I’ve set this up in my quick menu as well. So if I need an even slower slow motion shot, I can shoot in Full HD (1080p) with 120p, which gives me a 20% slow-motion effect. The 1080p from this camera looks pretty good and you can easily upscale it to 4K without anyone noticing it without pixel peeping. But I only recommend 120p and not 240p because in 240p the quality degrades a lot, which makes the footage unusable.

If you need a 10% slow motion, just film in 120p and then use optical flow in your video editor (work in Final Cut, Premiere, and Resolve) to slow it down to 10%. Because you already have a pretty high fps, it’s quite easy for the software to calculate the frames in between. So it actually looks pretty good.

F-LOG/HLG Recording

I mostly shoot in Fujis Film Simulations. My favorites are Classic Chrome, Eterna and on cloudy/rainy days Eterna Bleach Bypass. But sometimes these profiles don’t give enough dynamic range to capture all the details I need.

In those situations, I use F-LOG, which gives a very flat image and therefore covers the most dynamic range possible on this camera. Unfortunately, it’s not possible to set F-LOG in the quick menu. So I added it to my menu tab at the very top. So when I access the menu, I directly have this option marked and can therefore switch between F-LOG and film simulation very fast.

Note: F-LOG requires more color grading than other modes. To make things a bit easier, you can use the Fuji F-LOG conversion LUTs or my recently created Fuji Outdoor LUT pack.

I never used HLG, so I can’t say anything about it.

Tone Curve (Better Dynamic Range for Film Simulations)

Fujis film simulations are oftentimes a bit too contrasty, but you also don’t want to take the extra steps in post-production by color grading F-LOG. For that, there is a kinda in-between solution, which is called “Tone Curve” in the menu.

In the Tone Curve menu, just set both Highlights and Shadows to -2. This decreases the contrast of the chosen film simulation and therefore captures more dynamic range.

The advantage here is that it requires less color grading and you directly get the right colors of your favorite film simulation.

Note: There is also the dynamic range setting in the Movie Menu, which lets you capture a higher dynamic range as well. But I didn’t try it out by myself as I heard mixed stuff about the results from different users. (I will update this post if I do!)

Custom Settings for the Quick Menu

To have quick access to my favorite film simulations in the standard (contrasty) and flat (tone curve -2) formats, I created custom profiles for all of this and added the custom profile switcher to the quick menu.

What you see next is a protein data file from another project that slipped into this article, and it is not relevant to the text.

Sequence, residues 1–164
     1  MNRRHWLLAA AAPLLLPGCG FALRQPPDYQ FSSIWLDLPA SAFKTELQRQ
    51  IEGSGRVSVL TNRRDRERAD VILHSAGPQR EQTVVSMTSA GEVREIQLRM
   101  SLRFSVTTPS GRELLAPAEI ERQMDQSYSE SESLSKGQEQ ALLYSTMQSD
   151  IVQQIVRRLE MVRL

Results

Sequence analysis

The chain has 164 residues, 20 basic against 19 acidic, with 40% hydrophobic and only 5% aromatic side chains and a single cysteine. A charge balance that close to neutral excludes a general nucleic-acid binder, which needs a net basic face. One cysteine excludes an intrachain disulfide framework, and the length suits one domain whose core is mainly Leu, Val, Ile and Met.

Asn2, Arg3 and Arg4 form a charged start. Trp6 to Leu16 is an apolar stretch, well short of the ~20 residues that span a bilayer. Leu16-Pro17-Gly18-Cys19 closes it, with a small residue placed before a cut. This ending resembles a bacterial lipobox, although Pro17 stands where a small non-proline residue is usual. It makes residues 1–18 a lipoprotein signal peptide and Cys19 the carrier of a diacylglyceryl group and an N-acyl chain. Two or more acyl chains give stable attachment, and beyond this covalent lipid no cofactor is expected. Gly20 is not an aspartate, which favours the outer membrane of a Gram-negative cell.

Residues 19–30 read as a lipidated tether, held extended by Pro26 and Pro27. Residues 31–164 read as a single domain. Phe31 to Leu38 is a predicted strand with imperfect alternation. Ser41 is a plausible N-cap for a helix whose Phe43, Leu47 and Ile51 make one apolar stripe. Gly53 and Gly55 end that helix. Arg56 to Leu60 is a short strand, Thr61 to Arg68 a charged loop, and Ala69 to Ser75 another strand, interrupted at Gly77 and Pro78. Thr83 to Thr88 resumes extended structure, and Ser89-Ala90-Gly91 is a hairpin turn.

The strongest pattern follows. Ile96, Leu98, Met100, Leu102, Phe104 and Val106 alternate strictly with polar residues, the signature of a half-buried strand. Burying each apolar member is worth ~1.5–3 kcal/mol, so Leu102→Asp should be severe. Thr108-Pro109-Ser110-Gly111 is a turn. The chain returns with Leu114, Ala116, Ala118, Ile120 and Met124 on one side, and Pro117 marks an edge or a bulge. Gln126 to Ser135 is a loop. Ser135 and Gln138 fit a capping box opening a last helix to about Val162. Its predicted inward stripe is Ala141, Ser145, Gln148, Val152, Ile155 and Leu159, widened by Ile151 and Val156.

Here are my custom profiles:

  1. CC-Standard (Classic Chrome)
  2. CC-Flat (Classic Chrome with tone curve -2)
  3. EC-Standard (Eterna)
  4. EC-Flat (Eterna with tone curve -2)
  5. EB-Standard (Eterna Blech Bypass)
  6. EB-Flat (Eterna Bleach Bypass with tone curve -2)

So depending on the situation and what colors I want, I can change everything within just a few seconds 🙂

More Quick Menu options

I’ve also set more options up in the quick menu, which I change quite often.

Most important here is the white balance and the custom Calvin setting as that changes constantly and automatic white balance is hard to fix in post.

And also the stabilization options found a place here as the digital stabilization (DIS) adds an additional crop. So if I want to film myself for example and I don’t need the very best stabilization, I can quickly turn DIS off to get a wider viewing angle. The normal IBIS + OIS option generally gives enough stabilization for vlogging for example and combined with 24, 25, or 30p, it doesn’t crop at all, which is great if the camera is close to you.

I hope this article was helpful. Also, have a look at the video on top of this article to see how these settings perform and to understand certain settings a bit better.

Also, make sure to subscribe to my channel for upcoming tutorials.

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Pascal Basel
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  • Sam Ponsford

    Really useful info, do you know if you can save shutter speed and framerate setting to custom profiles in the quick menu?